It must be ensured that the managers are also able to complete their on-site duties in full. “Fly and drive” might be acceptable in some cases and for a transitional period, but in the long-term we also expect the top level of management to be present in the EU27 countries with more than just a nameplate.

It is not without reason that euro clearing is a hot topic at the moment. After all, more than 95% of all interest rate swaps in euros to date have been cleared through London. If something were to go wrong, a call for help could quickly be made to the central banks to provide liquidity. For this reason, a few weeks ago the European Commission published its ideas for the stricter supervision of central counterparties domiciled outside the European Union.

It is obvious that clearing activities in euros outside the European Union cannot simply be met with a shrug; instead, EU standards for financial regulation and supervision must be enforced in one way or another.

But the question gripping us all is: how, exactly? In the end, the European Commission left this unanswered, but instead suggested a staged process. In my opinion, this is the correct approach. Before making a decision, however, we should take the time to carry out a comprehensive analysis of the systemic risks and weigh up the possible reactions and consequences, including the possible reactions of third parties.

Moreover, we must not forget that nowadays almost all business processes in the financial sector depend on functioning IT infrastructures. As such, it comes with the territory that those banks that are planning a comprehensive division of work between operating units in the UK and the EU need to place a particular focus on their IT systems. These are highly complex platforms, and platforms doesn’t just mean IT. We are talking about knowledge, processes and people which have gathered together over many years, almost like a complete work of art, and now have to be split apart.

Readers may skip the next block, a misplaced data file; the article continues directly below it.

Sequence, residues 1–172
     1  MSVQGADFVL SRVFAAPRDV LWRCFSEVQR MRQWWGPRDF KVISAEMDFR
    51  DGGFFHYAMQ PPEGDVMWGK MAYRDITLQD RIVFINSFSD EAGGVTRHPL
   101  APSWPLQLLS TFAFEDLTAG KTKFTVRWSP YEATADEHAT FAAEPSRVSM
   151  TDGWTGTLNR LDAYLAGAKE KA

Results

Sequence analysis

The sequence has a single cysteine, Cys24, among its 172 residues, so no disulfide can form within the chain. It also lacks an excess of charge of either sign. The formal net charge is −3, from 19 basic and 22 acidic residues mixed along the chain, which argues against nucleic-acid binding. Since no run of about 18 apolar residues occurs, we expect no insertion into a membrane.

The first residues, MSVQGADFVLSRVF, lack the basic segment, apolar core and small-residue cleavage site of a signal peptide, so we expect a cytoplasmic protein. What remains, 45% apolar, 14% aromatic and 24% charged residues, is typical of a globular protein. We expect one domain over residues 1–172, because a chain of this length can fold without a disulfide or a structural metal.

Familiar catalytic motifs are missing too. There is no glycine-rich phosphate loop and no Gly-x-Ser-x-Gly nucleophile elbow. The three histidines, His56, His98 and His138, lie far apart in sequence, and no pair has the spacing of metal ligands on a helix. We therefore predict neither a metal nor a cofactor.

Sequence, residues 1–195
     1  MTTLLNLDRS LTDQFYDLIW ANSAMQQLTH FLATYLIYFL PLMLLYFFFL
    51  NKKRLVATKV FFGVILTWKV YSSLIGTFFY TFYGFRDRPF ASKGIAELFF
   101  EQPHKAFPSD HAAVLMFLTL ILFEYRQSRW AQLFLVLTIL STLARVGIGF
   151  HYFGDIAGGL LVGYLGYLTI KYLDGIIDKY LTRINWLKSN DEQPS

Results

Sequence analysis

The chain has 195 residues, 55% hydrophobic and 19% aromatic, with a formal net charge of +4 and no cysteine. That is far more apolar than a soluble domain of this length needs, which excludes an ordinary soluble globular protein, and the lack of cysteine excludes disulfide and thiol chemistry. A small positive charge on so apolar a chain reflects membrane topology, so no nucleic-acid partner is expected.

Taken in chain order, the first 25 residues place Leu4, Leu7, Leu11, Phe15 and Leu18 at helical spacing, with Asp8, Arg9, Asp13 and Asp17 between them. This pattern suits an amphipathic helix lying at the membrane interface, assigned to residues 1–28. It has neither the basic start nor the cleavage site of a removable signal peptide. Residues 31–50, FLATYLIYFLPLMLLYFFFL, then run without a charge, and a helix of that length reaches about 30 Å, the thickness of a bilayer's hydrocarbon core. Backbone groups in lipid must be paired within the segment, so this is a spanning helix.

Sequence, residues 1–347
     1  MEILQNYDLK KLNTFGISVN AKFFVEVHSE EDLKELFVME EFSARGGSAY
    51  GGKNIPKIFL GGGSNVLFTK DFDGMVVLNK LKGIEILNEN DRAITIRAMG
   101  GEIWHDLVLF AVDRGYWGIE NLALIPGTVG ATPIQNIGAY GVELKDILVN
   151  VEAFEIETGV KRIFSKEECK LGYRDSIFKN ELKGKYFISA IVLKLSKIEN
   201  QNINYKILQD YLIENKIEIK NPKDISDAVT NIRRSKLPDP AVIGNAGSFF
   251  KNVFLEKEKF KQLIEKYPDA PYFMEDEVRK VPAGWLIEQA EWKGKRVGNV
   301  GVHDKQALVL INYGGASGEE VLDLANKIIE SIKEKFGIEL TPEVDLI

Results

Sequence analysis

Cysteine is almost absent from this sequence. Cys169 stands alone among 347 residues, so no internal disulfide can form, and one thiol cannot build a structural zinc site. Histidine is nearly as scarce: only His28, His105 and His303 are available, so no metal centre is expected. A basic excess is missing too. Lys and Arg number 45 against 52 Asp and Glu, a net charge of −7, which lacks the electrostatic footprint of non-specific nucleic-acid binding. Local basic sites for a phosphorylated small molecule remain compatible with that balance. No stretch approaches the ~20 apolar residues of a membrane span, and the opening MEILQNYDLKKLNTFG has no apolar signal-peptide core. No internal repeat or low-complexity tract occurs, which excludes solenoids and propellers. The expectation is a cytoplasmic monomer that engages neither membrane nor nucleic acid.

Supervisors know the significance of this issue and are prepared to allow old IT ecosystems to continue running for the time being until it is possible for completely new structures to be built and proven to be sufficiently sound. Many a time in the past we saw large IT migration projects being met with delays and unexpected problems, simply because their complexity was underestimated. In theory it would be conceivable to leave such platforms in their former locations entirely, but I have my doubts as to whether this would be of any use in practice. New offices have to be connected to the existing infrastructure in one way or another, meaning that migration processes are likely to remain unavoidable.

The institutions therefore have to carefully weigh up which strategy they wish to pursue: partial or complete relocation. Anybody who has moved house knows that while it is inconvenient, it also offers a good opportunity to declutter. Just as private individuals might get rid of Grandma Edna’s transistor radio, banks can take the chance to modernise old IT systems and processes that have diverged over time.

Yet from the point of view of a New York head office, for example, decluttering might also mean simply focussing completely on the USA or the Far East if the disputes between the UK and the EU27 countries are too drawn-out.